As New York-born Lana Del Rey continues to graft California and its (anti-)cultural trappings for her music, it leads one to take pause and reflect on the state’s rich aural and visual tradition of beckoning to weirdos through song. As Del Rey’s latest single, aptly titled “Freak,” from her Honeymoon album, indicates, California persists in being the premier destination for burnouts, dropouts and otherwise non-conventional non-functioning members of the U.S. And no, Oregon (a.k.a. Portland) is not a contender in the same arena.
Starting, most distinctly, in 1965 when The Mamas & The Papas released “California Dreamin'”, it became clear that the Golden State wasn’t your average place to live. Fittingly, John and Michelle Phillips wrote the song together while in New York, lusting after the golden sunshine and non-intense pace that only CA can seem to afford when one doesn’t have dual citizenship. The 1960s, in particular, were a time of beautiful respite for hippies, freedom fighters and drug revelers–especially in Golden Gate Park. One could wear flowers in her hair (just like the Scott McKenzie song mentions), twirl about and feel the positive energy of others. And that was enough. Post-Manson murders in L.A., however, the tone of songs about California slightly shifted. With the 60s coming to a close, the “vibes” changed. And yet, California remained a place people flocked to for respite–to feel a bit less freaky in a world that made them out to be just that.
Still, the somber, sinister nature California had taken on as the state that yielded the highest number of serial killers is evident in the melancholy of The Eagles’ “Hotel California,” released in 1977. Co-written by Glenn Frey and Don Henley, the track was inspired by a drive into L.A. at nighttime, the rush of dreams and possibilities assaulting them from every corner. From this concept, Frey built on it by adding what he called “a weird world peopled by freaky characters.” There’s that word again. And yet, in spite of being a reprieve for the bizarre, Frey still notes, “This could be Heaven or this could be Hell” and mentions another female guest at the hotel who remarks, “We are all just prisoners here, of our own device.” And yes, the highways and byways of California, Los Angeles being the most obvious example, can often feel like a The Shining-inspired cage entangling you within its contorted clutches.
As the 80s dawned, the sort of life Bret Easton Ellis talks about in Less Than Zero was a common affliction of Los Angeles, the ultimate representation of California during this decade. Hence, seemingly superficial songs about status, like Missing Persons’ “Walking in L.A.,” bring to light the material side of California existence–especially when it comes to being able to afford a worthwhile car.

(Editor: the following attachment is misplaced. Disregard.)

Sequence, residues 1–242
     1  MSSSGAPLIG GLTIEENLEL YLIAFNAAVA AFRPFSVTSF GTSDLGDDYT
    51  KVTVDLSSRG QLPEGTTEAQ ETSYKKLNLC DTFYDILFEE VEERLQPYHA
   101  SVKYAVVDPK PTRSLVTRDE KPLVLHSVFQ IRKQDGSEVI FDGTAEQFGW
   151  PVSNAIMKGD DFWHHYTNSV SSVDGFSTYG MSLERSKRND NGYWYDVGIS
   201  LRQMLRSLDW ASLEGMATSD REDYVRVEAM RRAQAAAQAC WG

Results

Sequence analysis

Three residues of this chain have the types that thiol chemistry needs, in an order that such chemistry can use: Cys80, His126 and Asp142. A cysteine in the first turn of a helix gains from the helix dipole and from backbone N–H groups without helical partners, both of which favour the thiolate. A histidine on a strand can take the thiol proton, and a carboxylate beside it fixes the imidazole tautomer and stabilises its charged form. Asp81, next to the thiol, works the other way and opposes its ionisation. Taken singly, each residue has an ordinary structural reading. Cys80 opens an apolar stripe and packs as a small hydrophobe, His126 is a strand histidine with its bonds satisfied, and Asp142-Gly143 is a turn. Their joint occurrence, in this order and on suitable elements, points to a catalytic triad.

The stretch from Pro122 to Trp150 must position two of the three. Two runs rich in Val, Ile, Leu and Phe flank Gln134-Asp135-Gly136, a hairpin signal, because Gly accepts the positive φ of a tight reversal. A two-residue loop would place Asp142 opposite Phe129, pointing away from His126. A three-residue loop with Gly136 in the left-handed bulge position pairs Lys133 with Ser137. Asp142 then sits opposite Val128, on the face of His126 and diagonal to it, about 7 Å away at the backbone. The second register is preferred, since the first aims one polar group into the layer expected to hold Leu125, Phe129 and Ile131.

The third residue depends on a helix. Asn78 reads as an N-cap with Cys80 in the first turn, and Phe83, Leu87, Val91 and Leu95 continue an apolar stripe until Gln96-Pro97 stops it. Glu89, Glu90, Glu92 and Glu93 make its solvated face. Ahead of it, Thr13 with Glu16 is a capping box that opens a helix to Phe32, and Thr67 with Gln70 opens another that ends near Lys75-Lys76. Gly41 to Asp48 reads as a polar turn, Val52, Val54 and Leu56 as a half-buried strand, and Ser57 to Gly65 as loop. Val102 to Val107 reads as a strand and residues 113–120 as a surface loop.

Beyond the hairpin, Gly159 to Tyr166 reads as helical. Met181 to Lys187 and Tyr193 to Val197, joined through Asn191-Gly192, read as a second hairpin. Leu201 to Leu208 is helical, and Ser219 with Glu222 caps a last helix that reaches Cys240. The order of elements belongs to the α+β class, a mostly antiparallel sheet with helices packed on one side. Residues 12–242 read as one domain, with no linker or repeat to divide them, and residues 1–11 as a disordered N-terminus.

The shift in popular musical interest to hip hop and gangster rap in the 90s brought us what are arguably two of the best California-themed anthems, 2Pac’s “California Love” (1995) and Notorious B.I.G.’s “Going Back to Cali” (1998). The latter is perhaps more lyrically notable for Biggie’s rare admission of liking the West Coast (though this was in the aftermath of the East Coast/West Coast hip hop rivalry). He raps, “See some nice breasts in the West/Smoke some nice sess in the West, y’all niggas is a mess/Thinkin’ I’m gon’ stop givin’ L.A. props/All I got is beef with those that violate me/I shall annihilate thee.” 2Pac’s more iconic “California Love” is not just about the pride of being from or living in the state, but also 2Pac’s need to prove himself tenfold after being released from prison and putting out his first single for Death Row Records. Naturally, he name checks the progenitor of the entire genre of songs about California as he declares, “Out on bail fresh outta jail, California dreamin'”.
With the advent of the 00s, California held strong with its cachet, notably after New York became a war zone in 2001. It wasn’t until the years of 2009-2010, however, that the resuscitation of a proverbial coast war occurred, initiated by Jay-Z and Alicia Keys’ “Empire State of Mind,” which would prompt Katy Perry to create the response, “California Gurls” featuring Snoop Dogg, in 2010. Though Perry presents a modernized perspective on the state with lyrics like “You could travel the world/But nothing comes close to the Golden Coast/Once you party with us, you’ll be falling in love,” the track still possesses the same principles of retro classics like the Beach Boys’ “California Girls.” And then, of course, she makes subtle reference to how great the weed is, which is the primary reason CA has so many disciples. The countless songs about the many virtues of the state have also been exemplified by the likes of everyone from Fleetwood Mac and The Runaways to Best Coast and Grimes, who have all embodied the distinct aesthetic and auditory characteristics of California. But there are only a select few tracks (all mentioned within this brief history) that truly serve as a tribal call to the human anomalies of the world.
So now, finally, here we are in 2016, with Lana Del Rey bringing us the hippie-infused stylings of “Freak.” More overtly taking the tone to a “vintage” level, Del Rey imbues the sound of “Freak” with psychedelic-friendly beats that wear down your defenses as she insists, “Come to California, be a freak like me too.” The line, indeed, makes for great postcard potential. The video she’s been teasing for it features Father John Misty and the girls from “Music To Watch Boys To” in archetypal hippie garb. So regardless of how time soldiers on in California, it would seem that those attracted to it are still allured by the crux of what it originally offered in the 60s: freedom to be an ethereal so-called freak not of this earth.